The use of biogas as a fuel in Sweden suggests that there is a replacement for fuel oil that is derived from wastes buried -- often deep in earth -- by ecological processes of decomposition and storage. Before learning that burning oil and coal would lead to severe planetary problems, we proceeded with ignorance of the consequences: witness damage to oceans, atmosphere, incidence of severe storms, imminent threat to slippage of Greenland's ice mass and similar problems with Antarctic ice masses.
Imagine a world in which most nations could be self-sufficient by distilling their own fuels. Imagine the benefits of eliminating fuel oil spills in the oceans. Imagine small producers making fuel affordable for transportation, heating homes, or production of electricity.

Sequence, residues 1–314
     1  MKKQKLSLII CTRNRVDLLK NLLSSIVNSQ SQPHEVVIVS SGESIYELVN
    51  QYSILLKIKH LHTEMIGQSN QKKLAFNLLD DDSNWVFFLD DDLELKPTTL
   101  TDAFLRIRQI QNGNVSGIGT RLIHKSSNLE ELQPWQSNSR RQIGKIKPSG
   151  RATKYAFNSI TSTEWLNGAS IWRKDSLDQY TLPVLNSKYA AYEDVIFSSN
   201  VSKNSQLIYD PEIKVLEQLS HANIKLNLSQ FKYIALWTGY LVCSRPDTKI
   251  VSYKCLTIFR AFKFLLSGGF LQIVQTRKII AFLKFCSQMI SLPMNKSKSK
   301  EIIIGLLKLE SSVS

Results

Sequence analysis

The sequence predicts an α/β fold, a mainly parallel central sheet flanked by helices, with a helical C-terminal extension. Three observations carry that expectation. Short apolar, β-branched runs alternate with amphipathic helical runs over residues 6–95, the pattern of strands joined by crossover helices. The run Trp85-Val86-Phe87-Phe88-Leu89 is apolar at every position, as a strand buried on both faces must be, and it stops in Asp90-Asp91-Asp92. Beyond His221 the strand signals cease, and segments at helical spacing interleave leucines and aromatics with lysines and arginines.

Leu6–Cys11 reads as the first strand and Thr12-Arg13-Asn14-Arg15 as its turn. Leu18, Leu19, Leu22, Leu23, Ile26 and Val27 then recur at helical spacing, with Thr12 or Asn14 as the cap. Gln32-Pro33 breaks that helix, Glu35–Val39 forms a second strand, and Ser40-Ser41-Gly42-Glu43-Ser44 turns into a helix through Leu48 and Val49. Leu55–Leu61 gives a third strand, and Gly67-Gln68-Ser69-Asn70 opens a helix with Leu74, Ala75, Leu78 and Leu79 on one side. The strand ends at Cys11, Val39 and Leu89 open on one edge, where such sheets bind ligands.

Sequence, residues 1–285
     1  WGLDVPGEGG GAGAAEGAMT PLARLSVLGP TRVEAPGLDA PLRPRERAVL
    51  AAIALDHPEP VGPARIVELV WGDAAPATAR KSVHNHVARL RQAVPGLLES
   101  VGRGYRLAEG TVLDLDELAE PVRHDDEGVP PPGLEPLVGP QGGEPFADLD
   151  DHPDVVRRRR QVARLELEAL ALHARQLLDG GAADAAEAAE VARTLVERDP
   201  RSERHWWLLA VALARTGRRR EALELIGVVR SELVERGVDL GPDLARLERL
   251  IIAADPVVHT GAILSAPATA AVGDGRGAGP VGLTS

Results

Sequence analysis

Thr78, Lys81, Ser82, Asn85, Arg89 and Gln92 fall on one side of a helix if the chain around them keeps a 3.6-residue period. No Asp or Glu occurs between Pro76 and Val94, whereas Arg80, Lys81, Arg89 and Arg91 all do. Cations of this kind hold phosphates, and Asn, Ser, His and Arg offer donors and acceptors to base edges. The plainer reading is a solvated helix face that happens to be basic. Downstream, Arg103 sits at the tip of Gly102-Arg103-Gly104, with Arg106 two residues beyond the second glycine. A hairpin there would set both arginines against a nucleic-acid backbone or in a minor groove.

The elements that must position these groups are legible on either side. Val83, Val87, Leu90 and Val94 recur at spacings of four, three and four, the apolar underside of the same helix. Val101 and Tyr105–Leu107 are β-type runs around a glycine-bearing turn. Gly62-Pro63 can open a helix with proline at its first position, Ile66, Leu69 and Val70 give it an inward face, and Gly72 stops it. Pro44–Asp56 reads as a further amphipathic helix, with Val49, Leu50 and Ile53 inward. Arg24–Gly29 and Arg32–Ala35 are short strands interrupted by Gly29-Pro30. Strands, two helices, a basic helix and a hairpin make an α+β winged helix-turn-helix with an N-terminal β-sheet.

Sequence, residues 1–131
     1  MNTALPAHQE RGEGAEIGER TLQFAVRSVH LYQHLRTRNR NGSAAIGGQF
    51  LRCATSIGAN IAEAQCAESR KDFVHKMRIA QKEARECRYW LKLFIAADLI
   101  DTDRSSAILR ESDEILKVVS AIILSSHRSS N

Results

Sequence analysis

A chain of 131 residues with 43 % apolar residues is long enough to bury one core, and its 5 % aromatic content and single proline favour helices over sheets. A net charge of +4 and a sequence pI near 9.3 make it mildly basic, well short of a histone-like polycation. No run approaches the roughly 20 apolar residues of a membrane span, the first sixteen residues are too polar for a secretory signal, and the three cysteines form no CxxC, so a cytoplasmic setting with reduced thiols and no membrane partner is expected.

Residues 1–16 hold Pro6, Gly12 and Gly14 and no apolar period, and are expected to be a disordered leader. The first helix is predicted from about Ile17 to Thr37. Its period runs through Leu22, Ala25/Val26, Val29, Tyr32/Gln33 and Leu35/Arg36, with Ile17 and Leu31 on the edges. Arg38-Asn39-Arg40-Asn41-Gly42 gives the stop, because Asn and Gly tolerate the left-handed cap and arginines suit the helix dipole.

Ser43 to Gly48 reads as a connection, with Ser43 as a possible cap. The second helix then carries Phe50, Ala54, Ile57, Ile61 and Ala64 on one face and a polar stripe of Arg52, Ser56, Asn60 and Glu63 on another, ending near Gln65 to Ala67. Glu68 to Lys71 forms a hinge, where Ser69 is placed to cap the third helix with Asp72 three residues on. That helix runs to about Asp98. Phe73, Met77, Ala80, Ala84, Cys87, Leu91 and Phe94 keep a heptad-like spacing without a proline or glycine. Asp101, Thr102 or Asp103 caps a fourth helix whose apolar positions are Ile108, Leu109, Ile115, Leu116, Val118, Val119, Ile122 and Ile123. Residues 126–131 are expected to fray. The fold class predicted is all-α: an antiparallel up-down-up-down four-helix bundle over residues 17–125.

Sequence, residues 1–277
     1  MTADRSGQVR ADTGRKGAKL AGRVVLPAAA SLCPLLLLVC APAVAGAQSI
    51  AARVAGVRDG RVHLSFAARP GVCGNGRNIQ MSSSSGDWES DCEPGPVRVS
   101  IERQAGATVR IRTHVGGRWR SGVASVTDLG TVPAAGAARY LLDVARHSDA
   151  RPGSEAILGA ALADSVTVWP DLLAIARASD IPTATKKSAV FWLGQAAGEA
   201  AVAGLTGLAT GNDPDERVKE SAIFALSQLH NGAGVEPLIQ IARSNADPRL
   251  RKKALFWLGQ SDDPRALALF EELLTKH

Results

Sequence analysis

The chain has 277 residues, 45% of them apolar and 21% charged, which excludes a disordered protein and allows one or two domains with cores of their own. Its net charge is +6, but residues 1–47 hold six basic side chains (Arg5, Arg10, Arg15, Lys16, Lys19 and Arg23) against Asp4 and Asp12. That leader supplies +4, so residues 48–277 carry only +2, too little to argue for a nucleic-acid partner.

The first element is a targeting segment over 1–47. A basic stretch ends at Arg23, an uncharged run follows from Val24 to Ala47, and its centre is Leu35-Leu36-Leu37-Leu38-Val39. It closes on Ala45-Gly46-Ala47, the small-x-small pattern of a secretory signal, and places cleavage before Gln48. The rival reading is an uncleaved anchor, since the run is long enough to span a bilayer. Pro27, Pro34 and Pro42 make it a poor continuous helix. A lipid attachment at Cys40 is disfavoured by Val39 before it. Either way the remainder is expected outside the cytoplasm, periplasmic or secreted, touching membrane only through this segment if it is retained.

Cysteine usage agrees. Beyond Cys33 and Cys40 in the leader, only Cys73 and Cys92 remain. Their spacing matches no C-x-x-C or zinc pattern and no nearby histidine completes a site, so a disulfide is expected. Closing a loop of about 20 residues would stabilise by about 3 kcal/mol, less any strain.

Part 1 of Pushing back on the nuclear path outlined three post-Fukushima nuclear battles in Ontario. They were the campaigns to stop the construction of two new reactors at Darlington Station, the life extension of 10 more reactors in Ontario, and efforts to prevent economically desperate communities in Northern Ontario from becoming dumping grounds for Canada's radioactive waste.
In this final part, we're headed to Eastern Canada to outline the ongoing efforts to oppose nuclear in Quebec and New Brunswick.
Point Lepreau: Down the re-furbishment rabbit hole
Being true to my inner technology geek, I have compulsively followed energy issues for years. Energy discourse is not for everyone, however. I've realized this the socially awkward way by bringing up Ontario's electricity future in casual conversation at house parties.
But with the recent one-year anniversary of the ongoing Fukushima nuclear disaster, forecasts abound on the prospects of nuke power surviving yet another devastating public relations catastrophe. However, in all these stories about nuclear meltdowns and the future of nuclear energy, I was struck by a significant gap: where is the Canadian content?